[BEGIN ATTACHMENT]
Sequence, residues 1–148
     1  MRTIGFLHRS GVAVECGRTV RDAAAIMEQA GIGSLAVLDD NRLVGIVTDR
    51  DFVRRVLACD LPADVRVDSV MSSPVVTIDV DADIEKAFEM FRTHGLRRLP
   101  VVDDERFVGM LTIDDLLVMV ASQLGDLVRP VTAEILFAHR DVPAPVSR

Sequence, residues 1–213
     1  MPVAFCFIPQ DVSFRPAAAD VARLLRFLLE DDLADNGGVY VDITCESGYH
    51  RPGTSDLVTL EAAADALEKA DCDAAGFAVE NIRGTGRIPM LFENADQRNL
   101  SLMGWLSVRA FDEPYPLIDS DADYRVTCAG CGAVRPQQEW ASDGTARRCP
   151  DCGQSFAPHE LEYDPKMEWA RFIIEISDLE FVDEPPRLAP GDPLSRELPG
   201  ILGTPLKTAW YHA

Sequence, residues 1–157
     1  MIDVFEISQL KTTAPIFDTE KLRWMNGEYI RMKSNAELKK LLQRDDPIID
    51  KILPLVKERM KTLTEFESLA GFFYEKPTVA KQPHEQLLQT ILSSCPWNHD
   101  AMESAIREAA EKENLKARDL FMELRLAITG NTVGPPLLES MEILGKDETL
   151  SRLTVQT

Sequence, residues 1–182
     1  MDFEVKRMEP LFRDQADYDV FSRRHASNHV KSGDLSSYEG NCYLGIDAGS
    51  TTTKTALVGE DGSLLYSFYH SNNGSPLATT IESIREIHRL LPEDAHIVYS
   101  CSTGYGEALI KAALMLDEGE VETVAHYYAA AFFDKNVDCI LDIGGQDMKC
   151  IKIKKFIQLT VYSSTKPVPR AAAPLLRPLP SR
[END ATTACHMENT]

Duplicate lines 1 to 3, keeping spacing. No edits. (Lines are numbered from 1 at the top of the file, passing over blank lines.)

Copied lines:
Sequence, residues 1–148
     1  MRTIGFLHRS GVAVECGRTV RDAAAIMEQA GIGSLAVLDD NRLVGIVTDR
    51  DFVRRVLACD LPADVRVDSV MSSPVVTIDV DADIEKAFEM FRTHGLRRLP